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    Thread: Pain and Sensitivity New Crown

    1. #1
      Join Date
      Aug 2012
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      Default Pain and Sensitivity New Crown

      Hello Guys,

      I am new to the site. Any advice would be sooo helpful. I recently (almost 2 weeks) had a permanent crown fitted on my upper molar. My molar has quite a large filling and a small piece of remaining enamel was chipped. The dentist prepared my tooth and supposedly build it up for the new crown. I was in really bad pain the whole time I was wearing the temp. The dentist advised me that sensitivity was normal. When I went to have the permanant crown fitted, I told the dentist that I was still in really bad pain. I also asked her before she cemented the crown if a nerve could have been exposed during prep. She said that there were no exposed nerves. After two weeks of wearing the crown, I still can't bite down or even place anything cold on it. I went back to the dentist to see if the tooth needed adjusting. She said it didn't. When I told her that I was having to contantly take pain medication, she asked me, "Why didn't you tell me before I placed the crown that you were in so much pain?" She said that she would have to drill into the new crown and perform a root canal.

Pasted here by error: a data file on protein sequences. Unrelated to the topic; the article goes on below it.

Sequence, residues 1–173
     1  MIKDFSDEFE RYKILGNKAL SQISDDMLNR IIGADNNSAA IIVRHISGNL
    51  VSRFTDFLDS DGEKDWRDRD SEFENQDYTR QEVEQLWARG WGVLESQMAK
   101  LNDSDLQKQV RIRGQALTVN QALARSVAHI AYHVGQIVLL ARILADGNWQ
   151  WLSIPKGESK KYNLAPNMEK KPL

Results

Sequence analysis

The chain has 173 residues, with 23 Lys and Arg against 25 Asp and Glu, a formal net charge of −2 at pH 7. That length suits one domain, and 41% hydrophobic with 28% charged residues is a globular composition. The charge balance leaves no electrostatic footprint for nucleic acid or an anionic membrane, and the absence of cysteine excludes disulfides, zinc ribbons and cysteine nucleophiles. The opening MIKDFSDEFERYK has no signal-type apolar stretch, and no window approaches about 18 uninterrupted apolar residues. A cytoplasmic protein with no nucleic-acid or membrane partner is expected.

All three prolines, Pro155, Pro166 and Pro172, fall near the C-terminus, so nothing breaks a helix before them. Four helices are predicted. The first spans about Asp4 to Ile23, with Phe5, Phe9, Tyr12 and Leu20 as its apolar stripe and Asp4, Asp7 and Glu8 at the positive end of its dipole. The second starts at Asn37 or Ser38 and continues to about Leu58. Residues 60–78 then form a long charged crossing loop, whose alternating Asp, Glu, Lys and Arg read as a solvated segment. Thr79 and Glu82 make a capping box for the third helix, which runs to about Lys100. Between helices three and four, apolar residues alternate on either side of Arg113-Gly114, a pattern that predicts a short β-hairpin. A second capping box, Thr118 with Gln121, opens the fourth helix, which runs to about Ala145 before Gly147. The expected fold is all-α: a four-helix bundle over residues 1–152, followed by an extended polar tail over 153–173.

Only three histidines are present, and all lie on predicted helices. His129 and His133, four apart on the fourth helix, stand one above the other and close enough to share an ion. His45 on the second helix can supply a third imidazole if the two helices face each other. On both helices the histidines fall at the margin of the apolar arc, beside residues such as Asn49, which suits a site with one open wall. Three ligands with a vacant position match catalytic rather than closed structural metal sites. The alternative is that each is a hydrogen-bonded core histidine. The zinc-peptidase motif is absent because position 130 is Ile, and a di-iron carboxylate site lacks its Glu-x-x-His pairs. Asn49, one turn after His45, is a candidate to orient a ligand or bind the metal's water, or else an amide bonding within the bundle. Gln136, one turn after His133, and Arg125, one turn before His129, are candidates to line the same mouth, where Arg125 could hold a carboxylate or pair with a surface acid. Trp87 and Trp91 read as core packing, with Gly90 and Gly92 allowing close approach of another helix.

I am now seriously questioning this dentist's abilities/ethics. Do I just wait and see if the pain subsides? Should I go to another dentist to get a second opinion? If my tooth was damaged during preparation of the crown, is it really my responsibilty to pay an additional $800 for root canal therapy? I'm going out of my mind. Wish I could come back to the UK to see a dentist there:-( It seems that American dentists want as much money out of you as they can get. Many thanks in advance for any help or advice.

    2. #2
      Join Date
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      Default Re: Pain and Sensitivity New Crown

      gunnysmum,